When you grow up watching something you don’t realise when or how it becomes an intrinsic part of you. You don’t see it inconspicuously find a way into your heart, offering you warmth and comfort when you need it the most. It exists, just the way you do, and you can’t imagine otherwise. Until one day, you wake up and find yourself in the tragic world of adulthood and are forced to re-examine this little corner of comfort you had so carefully carved out for yourself.
Kuch Kuch Hota Hai is a cliché like no other but it’s also an indelible part of Bollywood. Rahul, Tina and Anjali, whether you like them or hate them, are permanently seared into your memory. Kuch Kuch Hota Hai’s legacy endures, despite how polarising it can often be. I can’t quite remember the first time I watched it nor can I remember the moment I decided that this was going to be the film that I would relentlessly reference and defend to death much to the embarrassment of my friends and family.
What makes it so special? I ask myself this question every time I decide to re-watch it. As someone who’s harboured a life-long love for all kinds of cinema, Kuch Kuch Hota Hai fails miserably when analysed critically. But nostalgia is tricky, nostalgia pushes you to build defences for things you shouldn’t be defending, it makes you passionately break down Rahul’s irrational behaviour in an attempt to create some form of meaning. I fail repeatedly, but I never give up. We all know how problematic the film is with its stereotypical gender roles and the uncritical lens through which it looks at marriage and love. Rahul is selfish, Tina is more of an idea than an actual person and Anjali … Anjali should have just known better. It’s not a great film and it’s perhaps inadvertently propagated an endless number of stereotypes about who the ‘right kind of girl’ is and why she deserves a happy ending. Any rational person would know better than to call Kuch Kuch Hota Hai one of their favourite films of all time.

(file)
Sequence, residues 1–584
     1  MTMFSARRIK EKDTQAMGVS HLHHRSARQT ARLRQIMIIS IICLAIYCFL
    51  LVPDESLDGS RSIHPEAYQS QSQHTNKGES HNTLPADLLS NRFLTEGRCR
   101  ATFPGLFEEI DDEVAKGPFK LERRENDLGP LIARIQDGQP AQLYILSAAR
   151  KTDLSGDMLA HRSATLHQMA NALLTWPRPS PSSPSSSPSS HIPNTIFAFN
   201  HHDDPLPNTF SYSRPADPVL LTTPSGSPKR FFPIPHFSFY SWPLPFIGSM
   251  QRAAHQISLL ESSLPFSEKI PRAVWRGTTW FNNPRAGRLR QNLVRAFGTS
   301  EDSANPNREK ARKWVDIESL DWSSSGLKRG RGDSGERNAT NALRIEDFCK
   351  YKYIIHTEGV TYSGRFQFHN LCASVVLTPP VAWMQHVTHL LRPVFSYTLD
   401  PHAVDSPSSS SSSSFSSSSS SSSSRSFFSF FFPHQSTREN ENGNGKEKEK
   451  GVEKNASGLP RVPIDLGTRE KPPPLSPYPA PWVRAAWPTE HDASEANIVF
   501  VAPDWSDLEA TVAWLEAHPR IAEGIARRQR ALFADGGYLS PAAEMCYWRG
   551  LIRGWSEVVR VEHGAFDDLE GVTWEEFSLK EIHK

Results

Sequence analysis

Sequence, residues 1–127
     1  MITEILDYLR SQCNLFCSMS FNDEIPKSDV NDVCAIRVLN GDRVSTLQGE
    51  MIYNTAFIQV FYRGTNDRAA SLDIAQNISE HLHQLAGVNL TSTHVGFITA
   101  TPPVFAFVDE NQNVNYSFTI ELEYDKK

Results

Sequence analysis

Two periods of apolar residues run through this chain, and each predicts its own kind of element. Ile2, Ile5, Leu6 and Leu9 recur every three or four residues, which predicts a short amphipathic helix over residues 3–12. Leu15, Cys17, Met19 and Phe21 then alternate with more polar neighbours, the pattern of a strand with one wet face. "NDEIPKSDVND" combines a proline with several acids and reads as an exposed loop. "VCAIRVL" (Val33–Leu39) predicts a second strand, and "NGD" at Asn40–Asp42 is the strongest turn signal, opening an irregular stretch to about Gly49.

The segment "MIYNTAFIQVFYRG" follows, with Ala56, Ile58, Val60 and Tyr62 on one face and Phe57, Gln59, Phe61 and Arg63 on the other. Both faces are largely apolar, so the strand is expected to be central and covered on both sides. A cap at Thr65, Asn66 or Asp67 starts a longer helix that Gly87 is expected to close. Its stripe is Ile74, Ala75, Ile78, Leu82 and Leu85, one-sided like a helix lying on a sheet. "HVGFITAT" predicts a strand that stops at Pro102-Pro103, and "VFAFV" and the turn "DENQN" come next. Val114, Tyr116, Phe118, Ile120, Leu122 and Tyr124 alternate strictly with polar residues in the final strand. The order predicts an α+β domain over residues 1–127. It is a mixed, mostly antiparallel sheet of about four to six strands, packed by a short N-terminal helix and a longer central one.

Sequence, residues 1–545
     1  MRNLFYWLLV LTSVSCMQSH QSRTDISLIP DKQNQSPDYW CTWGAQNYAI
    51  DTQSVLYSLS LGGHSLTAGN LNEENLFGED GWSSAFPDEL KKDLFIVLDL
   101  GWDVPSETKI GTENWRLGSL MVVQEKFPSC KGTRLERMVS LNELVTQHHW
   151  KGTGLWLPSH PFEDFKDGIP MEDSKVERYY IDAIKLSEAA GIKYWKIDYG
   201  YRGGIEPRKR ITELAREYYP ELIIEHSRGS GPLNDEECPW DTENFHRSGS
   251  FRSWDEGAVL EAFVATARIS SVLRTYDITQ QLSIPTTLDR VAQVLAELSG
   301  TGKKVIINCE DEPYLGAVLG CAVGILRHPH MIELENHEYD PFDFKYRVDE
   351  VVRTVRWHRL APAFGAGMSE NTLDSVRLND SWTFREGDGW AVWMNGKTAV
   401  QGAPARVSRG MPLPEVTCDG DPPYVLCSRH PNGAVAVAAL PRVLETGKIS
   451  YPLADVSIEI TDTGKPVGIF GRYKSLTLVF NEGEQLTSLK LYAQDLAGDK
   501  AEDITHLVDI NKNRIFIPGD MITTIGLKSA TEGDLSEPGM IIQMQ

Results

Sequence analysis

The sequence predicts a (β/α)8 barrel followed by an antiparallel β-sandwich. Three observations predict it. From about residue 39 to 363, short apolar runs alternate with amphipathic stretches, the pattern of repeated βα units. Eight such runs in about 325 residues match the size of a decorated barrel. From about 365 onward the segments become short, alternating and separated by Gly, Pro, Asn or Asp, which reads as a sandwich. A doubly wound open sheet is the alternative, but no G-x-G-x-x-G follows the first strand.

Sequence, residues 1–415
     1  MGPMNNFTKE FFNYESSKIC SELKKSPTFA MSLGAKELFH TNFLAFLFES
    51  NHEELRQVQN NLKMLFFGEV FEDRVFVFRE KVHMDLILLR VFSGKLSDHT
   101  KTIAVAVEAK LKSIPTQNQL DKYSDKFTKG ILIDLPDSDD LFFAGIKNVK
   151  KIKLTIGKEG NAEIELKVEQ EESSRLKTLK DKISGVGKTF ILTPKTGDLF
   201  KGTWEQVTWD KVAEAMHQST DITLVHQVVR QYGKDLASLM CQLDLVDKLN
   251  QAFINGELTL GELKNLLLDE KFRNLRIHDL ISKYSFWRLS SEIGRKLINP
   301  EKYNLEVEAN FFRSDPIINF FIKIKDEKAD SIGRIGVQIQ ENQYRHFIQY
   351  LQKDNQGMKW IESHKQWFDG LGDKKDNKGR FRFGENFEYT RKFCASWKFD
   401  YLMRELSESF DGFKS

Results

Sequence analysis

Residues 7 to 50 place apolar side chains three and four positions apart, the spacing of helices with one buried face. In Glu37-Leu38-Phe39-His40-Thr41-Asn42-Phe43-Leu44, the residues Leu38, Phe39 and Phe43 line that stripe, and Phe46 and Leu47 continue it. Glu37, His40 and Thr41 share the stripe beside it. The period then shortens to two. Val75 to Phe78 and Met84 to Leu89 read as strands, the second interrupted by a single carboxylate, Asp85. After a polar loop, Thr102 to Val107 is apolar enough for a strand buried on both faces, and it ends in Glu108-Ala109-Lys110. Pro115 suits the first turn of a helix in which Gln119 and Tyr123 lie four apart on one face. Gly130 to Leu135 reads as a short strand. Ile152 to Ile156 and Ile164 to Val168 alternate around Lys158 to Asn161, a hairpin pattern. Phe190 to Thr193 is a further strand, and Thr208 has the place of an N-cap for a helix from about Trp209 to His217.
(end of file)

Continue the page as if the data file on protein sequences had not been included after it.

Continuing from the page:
And yet here I am, declaring my love for my life-long guilty pleasure.
For all its glaring shortcomings and its general disregard for subtlety, it is also the ultimate Bollywood experience. It has a way of drawing you into its bizarre world of unrealistic colleges, kooky characters and its single-minded devotion to … fun. You can’t help but smile at the world this film builds, at its cloying sentimentality that eventually grows on you. Karan Johar wanted to make a point about friendship and love, he wanted us to re-examine our definitions of what it meant to love someone and if it was possible for that love to endure, despite circumstances beyond our control. The humour, the delightful music and the iconic dialogues make Kuch Kuch Hota Hai the equivalent of a warm hug. On your worst days, you can fall back on ‘Koi Mil Gaya’ and watch Rahul and Anjali wish on a shooting star, as you sigh at how oblivious they are to what awaits them. There’s a familiarity that the film carries within itself, a familiarity that is reminiscent of an enduring friendship. The world around us continues to spin, our tastes evolve, we learn to love and hate new things, but Kuch Kuch Hota Hai stays. For better or for worse, the film has grown to become my best friend and you know what someone great once said? Pyaar dosti hai.
Disclaimer: This article has not been written by Film Companion’s editorial team.